In one of my earlier blogs, I made reference to the importance of exercise, a diet high in fiber, low in sugar and fat, and a lifestyle that values mindfulness, close relationships and the avoidance of tobacco and excess alcohol. I spoke of the people on the Greek island of Ikaria, who enjoy unparalleled longevity and vigor with their embrace of this way of living. People like them, who live in the so called “Blue Zones” around our world, enjoy similar benefits. Well, here’s what can happen when you follow the opposite type of lifestyle…
Now, it seems, The National Cancer Institute has found an alarming rise in colon and rectal cancers in Gen X and millennial-aged people in our country. The big reasons for this appear to be:
- First, diets that are high in refined sugars and carbohydrates, low in fiber and high in fat appear to be behind the increase in these cancers.
- Second, the resultant obesity from high caloric intake and a sedentary lifestyle was cited by researchers as possible reasons for the increase.
- Third, environmental toxins may also be playing a part.
Colon and rectal cancer in people over 55 years of age appears to be decreasing. This is probably due to better awareness and screening for the disease. But in younger people, where screening had traditionally not been as vigorous (except in certain at-risk groups, like people who have a family history of cancer or inflammatory diseases of the GI tract), the rise in cancers has come as a shock to many researchers. These findings, which were recently reported in the journal of The National Cancer Institute, have sounded alarm bells among doctors and other scientists who follow these conditions. It has even prompted some to call for earlier screening in these younger at-risk groups.
Traditionally, patients have been taught to report changes in bowel habits to their doctor. These include blood in the stool, change in the caliber of the bowel movement (particularly ‘pencil-thin” stools), mucus or other discharge, or any darkening or other unusual discoloration in the bowel movement. Testing patients for hidden blood in the stool has been a great help in reducing the progression of cancer in patients who have early-stage tumors. Colonoscopy screening has virtually revolutionized the diagnosis and treatment of colon and rectal cancer. But these new trends in young people are causing much discussion on how to deal with this newly found clinical information.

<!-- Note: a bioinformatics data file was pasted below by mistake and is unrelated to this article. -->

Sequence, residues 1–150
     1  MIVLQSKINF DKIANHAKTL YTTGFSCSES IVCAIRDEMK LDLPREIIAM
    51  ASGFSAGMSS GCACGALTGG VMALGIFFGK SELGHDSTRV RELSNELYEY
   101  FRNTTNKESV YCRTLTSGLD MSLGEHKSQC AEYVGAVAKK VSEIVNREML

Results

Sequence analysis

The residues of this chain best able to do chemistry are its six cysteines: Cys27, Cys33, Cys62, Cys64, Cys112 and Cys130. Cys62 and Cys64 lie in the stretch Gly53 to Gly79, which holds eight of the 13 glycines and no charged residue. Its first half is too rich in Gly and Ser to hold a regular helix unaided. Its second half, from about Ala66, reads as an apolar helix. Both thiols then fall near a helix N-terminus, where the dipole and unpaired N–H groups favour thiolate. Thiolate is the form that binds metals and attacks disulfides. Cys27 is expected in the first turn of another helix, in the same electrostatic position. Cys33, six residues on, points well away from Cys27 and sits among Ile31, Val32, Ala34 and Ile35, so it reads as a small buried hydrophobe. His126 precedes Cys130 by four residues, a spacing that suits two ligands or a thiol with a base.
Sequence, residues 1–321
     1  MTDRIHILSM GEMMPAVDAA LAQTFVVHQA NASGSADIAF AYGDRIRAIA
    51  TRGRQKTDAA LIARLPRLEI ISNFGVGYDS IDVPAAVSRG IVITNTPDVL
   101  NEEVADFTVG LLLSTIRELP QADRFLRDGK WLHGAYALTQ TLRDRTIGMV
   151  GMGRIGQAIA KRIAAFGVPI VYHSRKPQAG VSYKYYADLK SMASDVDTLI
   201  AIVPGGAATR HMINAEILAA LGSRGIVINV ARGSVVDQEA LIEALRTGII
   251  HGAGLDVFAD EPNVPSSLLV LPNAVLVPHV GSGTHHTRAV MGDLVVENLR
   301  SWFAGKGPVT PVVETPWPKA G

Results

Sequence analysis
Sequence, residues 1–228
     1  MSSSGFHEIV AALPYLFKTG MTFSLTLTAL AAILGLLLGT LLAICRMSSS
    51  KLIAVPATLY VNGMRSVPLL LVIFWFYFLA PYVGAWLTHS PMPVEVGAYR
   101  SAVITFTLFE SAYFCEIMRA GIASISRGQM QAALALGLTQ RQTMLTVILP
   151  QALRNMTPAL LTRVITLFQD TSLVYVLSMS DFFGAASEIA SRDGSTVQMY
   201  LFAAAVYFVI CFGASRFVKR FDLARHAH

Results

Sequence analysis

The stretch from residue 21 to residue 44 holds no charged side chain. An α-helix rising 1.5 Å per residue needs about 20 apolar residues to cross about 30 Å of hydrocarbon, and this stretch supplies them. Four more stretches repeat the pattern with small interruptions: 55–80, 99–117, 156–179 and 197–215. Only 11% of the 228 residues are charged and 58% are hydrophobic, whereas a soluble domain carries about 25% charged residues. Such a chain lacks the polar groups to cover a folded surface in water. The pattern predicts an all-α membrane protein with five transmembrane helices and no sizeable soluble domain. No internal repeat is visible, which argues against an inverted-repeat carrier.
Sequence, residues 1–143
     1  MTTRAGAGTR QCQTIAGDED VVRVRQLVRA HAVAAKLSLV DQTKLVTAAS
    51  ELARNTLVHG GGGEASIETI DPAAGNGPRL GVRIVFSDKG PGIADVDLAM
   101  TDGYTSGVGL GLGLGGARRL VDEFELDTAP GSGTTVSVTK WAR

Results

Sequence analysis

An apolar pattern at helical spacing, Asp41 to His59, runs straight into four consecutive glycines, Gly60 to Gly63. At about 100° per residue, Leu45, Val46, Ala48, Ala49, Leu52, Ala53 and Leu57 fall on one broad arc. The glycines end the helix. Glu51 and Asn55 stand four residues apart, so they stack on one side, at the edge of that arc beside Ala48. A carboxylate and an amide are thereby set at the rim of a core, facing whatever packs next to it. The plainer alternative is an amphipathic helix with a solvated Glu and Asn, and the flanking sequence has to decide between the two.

What has not changed are the recommendations that relate to better health and a reduction of many types of cancer in all age groups: a healthy body weight (usually meaning a Body Mass Index of less than 25)…daily aerobic exercise and weight training…a diet high in fiber and low in refined sugar and saturated fat…moderate alcohol consumption…and the avoidance of tobacco use. Since many younger people have poor diets and are addicted (through video games, computer and other screen time, etc.) to being sedentary, it will be an uphill battle to get people under 40 off their butts and onto their bikes, into the pool and onto the running track. Perhaps harder will be getting them off soda, junk food and other dietary abominations that are anathema to good health.
The incidence of cancer in people who live in the “Blue Zones” of the world is understandably low. Now more than ever, it is the time for younger people to decide to take action and reverse this surprising and unwelcome trend in cancer prevalence in our country.